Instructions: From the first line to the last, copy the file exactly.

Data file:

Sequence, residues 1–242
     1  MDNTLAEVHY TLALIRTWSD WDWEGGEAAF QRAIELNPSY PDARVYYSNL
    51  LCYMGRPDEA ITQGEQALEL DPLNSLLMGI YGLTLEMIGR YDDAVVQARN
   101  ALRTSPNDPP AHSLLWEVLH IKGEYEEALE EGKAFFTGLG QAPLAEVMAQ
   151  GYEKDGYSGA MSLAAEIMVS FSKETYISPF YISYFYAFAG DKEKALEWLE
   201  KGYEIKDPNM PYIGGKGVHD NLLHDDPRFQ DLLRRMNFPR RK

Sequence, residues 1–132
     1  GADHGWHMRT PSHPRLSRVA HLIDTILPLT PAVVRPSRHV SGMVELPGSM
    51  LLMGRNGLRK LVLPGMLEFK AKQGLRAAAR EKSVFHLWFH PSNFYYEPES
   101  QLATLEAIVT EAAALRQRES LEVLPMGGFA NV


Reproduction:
Sequence, residues 1–242
     1  MDNTLAEVHY TLALIRTWSD WDWEGGEAAF QRAIELNPSY PDARVYYSNL
    51  LCYMGRPDEA ITQGEQALEL DPLNSLLMGI YGLTLEMIGR YDDAVVQARN
   101  ALRTSPNDPP AHSLLWEVLH IKGEYEEALE EGKAFFTGLG QAPLAEVMAQ
   151  GYEKDGYSGA MSLAAEIMVS FSKETYISPF YISYFYAFAG DKEKALEWLE
   201  KGYEIKDPNM PYIGGKGVHD NLLHDDPRFQ DLLRRMNFPR RK

Sequence, residues 1–132
     1  GADHGWHMRT PSHPRLSRVA HLIDTILPLT PAVVRPSRHV SGMVELPGSM
    51  LLMGRNGLRK LVLPGMLEFK AKQGLRAAAR EKSVFHLWFH PSNFYYEPES
   101  QLATLEAIVT EAAALRQRES LEVLPMGGFA NV